Brian Eno famously used to write his lyrics – or claim he did, at any rate – on the basis of sound rather than meaning: if the phonemes danced in service to the song, that was good enough for him and what they actually said could go hang. I get something of that vibe from “Orinoco Flow” – the arrangement’s pert staccatos bubbling up into Enya’s cute, clpped phrasing. But she corrals her syllables into something that does make sense: a hymn to travel and motion for their own sake.
If you’re going to delight in the way words sound, the Atlas is a good place to start, a great soup of bizarre and evocative names. Some excellent tracks centre themselves on lists of places – Saint Etienne’s “Girl VII” and the JAMS’ “It’s Grim Up North”, Ian Dury’s “Hit Me With Your Rhythm Stick”. “Rhythm Stick” is a kind of lairy, deliciously dangerous cousin of “Orinoco Flow” in the way it’s a travelogue of teeth, tongue and lip as much as of place. “Flow” also reminds me of Kate Bush’s “Sat In Your Lap”, particularly the urgent finale – “A trip to Mecca! Tibet or Jedda!”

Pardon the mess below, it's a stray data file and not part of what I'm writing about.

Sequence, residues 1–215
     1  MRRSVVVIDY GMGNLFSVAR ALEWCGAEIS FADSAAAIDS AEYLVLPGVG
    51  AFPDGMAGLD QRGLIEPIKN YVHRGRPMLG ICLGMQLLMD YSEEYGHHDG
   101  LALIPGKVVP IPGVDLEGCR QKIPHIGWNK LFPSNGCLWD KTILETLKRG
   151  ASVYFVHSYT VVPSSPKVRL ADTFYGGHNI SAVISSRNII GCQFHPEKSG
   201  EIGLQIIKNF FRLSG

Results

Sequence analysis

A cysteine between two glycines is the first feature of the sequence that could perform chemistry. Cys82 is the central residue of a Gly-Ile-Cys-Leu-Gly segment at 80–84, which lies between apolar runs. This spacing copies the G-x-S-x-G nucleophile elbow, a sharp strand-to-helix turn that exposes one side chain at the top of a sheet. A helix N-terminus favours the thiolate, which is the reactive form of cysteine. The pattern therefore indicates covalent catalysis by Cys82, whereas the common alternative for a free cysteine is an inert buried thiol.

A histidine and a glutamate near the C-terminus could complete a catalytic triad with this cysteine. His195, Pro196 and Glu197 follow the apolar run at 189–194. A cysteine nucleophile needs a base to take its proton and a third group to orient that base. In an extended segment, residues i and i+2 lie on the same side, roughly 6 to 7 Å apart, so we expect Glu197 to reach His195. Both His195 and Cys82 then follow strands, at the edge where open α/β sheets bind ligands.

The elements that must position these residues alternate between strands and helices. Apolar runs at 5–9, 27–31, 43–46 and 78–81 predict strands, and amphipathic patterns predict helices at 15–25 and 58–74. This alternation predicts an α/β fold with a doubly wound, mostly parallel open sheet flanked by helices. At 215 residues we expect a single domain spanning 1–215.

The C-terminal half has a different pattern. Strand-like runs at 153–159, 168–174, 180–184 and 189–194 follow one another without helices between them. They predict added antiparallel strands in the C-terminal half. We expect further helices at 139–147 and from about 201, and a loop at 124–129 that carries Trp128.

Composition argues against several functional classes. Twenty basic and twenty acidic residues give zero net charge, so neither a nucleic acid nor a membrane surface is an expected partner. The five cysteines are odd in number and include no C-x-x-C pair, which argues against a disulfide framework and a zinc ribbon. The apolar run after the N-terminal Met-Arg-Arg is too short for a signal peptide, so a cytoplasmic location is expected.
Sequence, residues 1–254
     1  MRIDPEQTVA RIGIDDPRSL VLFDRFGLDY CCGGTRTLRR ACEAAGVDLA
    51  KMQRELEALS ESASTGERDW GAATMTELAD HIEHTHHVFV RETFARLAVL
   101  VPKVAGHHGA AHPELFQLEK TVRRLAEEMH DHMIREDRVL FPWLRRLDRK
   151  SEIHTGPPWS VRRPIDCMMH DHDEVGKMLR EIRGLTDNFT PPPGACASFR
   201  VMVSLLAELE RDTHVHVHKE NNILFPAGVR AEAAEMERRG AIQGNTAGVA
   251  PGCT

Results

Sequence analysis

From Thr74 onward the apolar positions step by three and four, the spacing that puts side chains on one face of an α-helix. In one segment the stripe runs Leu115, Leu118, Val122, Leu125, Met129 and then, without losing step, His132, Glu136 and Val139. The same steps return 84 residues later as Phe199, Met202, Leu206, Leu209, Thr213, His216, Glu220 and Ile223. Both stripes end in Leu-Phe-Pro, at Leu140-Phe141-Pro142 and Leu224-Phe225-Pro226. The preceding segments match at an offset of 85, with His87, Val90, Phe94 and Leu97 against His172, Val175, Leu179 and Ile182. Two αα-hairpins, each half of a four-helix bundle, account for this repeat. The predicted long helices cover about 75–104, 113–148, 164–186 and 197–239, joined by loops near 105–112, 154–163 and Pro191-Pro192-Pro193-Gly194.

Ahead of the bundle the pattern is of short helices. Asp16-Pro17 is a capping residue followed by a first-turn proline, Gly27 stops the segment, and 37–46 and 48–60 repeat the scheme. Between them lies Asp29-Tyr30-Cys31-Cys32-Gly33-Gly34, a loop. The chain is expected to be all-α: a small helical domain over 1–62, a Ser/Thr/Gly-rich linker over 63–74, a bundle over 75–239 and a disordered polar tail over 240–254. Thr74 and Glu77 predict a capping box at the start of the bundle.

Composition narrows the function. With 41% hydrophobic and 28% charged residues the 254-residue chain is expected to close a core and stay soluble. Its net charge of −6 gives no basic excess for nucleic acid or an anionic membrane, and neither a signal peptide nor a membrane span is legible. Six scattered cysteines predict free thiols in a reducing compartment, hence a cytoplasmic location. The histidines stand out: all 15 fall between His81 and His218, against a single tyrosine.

These are rich comparisons for a song to live up to, of course – and they’re meant to indicate that “Orinoco Flow” is interesting and unusual, not imply it’s a masterpiece. But it’s better than I thought it was. My lazy man’s impressions of Enya heavily feature ideas like “Celtic”, “hippy-dippy”, and “wind chimes” but here it’s only the mist of backing vox that put me off: when the song loses its light rhythmic impetus on the middle eight they help bog it down, and it never totally recovers.
All the mouthplay on “Orinoco” is in the service of simple, relaxed prettiness, and over repeat listens that can lose its appeal. But the song has plenty of ideas, and an airy freshness which must have been a pleasant surprise on 1988 radios. An admirably playful record, even if it’s not one for everyday use.